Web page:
Microsoft's workforce is 73.4 percent male, and 55.1 percent white.

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Microsoft showed a small increase in the proportion of women in its employee ranks, rising 1.1 percentage points to 26.6 percent, from 25.5 percent last year.

The Redmond company released a report on its workforce demographics Wednesday, revealing global gender numbers and U.S. ethnicity numbers as of June 30. It increased representation in basically every category of minorities, each by a small bump.

“We are encouraged,” said Lindsay-Rae McIntyre, Microsoft’s chief diversity officer, who joined the company four months ago. “But we are clear that we are closer to the beginning of this journey than the end.”

Microsoft has revealed its demographics each November for the past few years, after increased scrutiny of the tech industry caused many Big Tech companies to offer a window into their diversity efforts. The companies are largely white and male, especially in technical and leadership roles.

Microsoft is reporting its demographics as of June 30, to align with its fiscal year, rather than its previous date of the end of September. The numbers aren’t comparable with last year’s reported percentages because of the date change, but Microsoft provided comparisons for the new date.

Women’s representation gets a small boost when Microsoft’s workforce is combined with employees at LinkedIn, the professional-networking site Microsoft acquired two years ago that operates largely independently. The combined companies have nearly 135,000 employees across the world, and women make up 28 percent of the workforce, an increase from 27 percent at the same time last year.

In Microsoft’s U.S. ranks, African-American and black employees make up 4.1 percent, up from 3.9 percent last year. Hispanic and Latinx employees represent 6 percent of the U.S. workforce, up from 5.8 percent last year; and Asian employees make up 31.9 percent, up from 31.0 percent.

Women now make up 19.9 percent of employees in technical roles, up from 18.5 percent last year. And the leadership ranks are 19.7 percent female, an increase from 18.8 percent last year.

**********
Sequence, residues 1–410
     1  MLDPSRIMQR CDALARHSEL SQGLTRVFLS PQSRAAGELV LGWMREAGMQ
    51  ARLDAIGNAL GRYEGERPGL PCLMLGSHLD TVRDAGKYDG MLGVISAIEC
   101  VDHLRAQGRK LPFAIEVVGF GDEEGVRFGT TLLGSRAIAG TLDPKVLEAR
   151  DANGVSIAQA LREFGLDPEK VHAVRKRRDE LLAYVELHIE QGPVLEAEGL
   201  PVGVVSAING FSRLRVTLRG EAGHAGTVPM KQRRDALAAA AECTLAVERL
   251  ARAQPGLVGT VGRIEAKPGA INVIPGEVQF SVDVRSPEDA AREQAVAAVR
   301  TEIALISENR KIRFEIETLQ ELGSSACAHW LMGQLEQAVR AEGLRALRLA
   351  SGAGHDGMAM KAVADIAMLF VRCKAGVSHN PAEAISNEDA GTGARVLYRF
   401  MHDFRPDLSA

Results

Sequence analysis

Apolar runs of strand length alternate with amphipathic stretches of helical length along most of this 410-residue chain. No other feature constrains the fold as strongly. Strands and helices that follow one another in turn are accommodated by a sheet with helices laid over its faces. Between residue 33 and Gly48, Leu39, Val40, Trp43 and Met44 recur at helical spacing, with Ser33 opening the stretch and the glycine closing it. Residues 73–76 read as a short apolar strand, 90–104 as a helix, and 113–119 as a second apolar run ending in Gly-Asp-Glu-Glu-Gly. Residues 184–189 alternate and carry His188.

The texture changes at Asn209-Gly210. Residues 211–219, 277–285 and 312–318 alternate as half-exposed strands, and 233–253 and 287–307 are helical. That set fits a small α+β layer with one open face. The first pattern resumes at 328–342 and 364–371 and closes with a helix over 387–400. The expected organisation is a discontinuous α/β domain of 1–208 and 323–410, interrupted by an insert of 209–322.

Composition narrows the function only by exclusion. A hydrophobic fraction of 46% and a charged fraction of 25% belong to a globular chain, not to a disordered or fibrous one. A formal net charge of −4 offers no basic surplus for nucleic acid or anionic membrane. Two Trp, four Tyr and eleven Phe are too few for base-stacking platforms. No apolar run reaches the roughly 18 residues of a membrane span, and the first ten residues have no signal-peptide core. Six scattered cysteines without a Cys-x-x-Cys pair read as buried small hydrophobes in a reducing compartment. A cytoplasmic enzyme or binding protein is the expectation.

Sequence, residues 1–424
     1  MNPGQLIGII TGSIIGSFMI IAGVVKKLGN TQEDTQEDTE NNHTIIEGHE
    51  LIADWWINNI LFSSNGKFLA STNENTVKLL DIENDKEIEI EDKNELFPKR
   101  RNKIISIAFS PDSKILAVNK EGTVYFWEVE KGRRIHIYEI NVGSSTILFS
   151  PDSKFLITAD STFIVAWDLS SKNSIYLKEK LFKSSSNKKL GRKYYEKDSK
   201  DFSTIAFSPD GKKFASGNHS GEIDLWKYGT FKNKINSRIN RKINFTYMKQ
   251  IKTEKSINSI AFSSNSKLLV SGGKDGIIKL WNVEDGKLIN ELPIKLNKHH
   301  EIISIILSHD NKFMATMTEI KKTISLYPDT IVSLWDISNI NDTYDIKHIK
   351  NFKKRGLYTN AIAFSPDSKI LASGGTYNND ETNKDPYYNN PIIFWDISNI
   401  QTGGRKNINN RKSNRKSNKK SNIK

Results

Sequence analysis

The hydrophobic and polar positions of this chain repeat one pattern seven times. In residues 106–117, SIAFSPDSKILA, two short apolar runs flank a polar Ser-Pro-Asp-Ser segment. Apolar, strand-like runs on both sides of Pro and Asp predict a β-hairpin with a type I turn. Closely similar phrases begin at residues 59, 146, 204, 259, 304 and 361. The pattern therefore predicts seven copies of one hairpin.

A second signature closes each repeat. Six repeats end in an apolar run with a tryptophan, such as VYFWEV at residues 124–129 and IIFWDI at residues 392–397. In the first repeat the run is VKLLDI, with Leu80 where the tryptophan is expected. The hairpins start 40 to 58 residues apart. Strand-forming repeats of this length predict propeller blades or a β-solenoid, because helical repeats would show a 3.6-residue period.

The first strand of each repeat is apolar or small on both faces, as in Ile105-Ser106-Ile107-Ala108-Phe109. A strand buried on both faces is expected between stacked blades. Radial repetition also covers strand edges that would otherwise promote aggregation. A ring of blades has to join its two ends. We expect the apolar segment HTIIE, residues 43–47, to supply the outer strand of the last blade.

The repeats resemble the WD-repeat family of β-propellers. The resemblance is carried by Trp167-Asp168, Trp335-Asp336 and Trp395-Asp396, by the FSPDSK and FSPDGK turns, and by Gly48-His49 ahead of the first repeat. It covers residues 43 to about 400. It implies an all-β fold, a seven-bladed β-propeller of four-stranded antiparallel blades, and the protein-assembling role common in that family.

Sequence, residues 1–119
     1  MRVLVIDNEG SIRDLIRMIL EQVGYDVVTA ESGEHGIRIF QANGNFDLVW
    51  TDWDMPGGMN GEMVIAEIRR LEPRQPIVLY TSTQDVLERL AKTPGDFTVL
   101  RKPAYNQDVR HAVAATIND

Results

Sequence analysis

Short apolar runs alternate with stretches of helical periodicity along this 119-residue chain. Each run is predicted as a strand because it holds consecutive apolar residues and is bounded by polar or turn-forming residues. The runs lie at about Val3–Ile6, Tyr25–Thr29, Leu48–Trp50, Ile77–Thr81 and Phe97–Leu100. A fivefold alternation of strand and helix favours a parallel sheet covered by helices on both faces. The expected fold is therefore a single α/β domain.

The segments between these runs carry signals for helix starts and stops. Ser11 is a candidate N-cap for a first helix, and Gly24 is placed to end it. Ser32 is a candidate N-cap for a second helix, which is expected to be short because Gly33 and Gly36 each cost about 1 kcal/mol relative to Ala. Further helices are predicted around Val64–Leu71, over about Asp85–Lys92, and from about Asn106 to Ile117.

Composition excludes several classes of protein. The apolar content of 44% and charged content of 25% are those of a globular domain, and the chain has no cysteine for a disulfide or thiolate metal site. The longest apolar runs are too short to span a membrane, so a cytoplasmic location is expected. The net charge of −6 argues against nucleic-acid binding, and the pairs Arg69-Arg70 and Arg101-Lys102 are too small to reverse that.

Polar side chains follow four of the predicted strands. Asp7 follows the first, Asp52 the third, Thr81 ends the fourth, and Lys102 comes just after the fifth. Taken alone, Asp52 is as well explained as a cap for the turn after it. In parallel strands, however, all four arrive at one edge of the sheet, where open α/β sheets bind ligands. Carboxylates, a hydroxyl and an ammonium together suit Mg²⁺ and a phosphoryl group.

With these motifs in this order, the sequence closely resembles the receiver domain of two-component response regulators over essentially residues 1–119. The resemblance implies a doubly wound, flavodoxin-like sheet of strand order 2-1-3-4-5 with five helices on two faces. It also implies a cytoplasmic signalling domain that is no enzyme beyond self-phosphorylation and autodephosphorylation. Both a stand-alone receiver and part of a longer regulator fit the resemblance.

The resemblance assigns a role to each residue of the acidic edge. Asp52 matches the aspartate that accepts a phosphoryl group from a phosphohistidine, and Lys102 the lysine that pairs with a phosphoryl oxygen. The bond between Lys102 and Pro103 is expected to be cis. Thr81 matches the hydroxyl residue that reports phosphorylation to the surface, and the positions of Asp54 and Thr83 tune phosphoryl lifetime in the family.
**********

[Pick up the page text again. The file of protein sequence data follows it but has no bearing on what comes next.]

The modest increases mean that Microsoft’s workforce is 73.4 percent men, and 55.1 percent white. Other tech companies have similar statistics, including Google, which has a workforce of 69.1 percent men, and 53.1 percent white employees, according to numbers reported this summer. Facebook also reported this summer that its workforce is 63.7 percent men and 46.6 percent white.

Microsoft is facing a gender-discrimination lawsuit brought by three former and present employees, who claim that they and other women were promoted slower and given fewer raises than their male peers. Women inside the company have said the tech firm still feels like a boys’ club in many ways, and it can be isolating.

McIntyre says Microsoft remains committed to diversity and inclusion at the company, and has made it a core focus for employees. Workers get training to combat unconscious biases and managers are evaluated on the diversity of their teams.

“We are committed to making progress,” she said. “We are not satisfied with where we are, and we are looking at as many possible ways to accelerate the diversity of the workforce as we can.”

That includes several hiring programs that look for talent beyond four-year colleges, as well as STEM training programs for girls, she said.

Microsoft also has eight employee-resource groups — representing such groups as women at Microsoft, LGBT employees and a recently added group for veterans — to make them feel part of the company.

Inclusion, or making employees feel valued and comfortable at work, is a necessary and important piece of the puzzle, said Kathleen Hogan, the company’s human-resources chief. Recently, her team participated in a workshop about privilege and understanding where other people are coming from.

Hogan acknowledged earlier this month that the company had moved forward, but  had a significant amount of work to do.

“The key thing I’ve learned,” she said, “is there is no silver bullet.”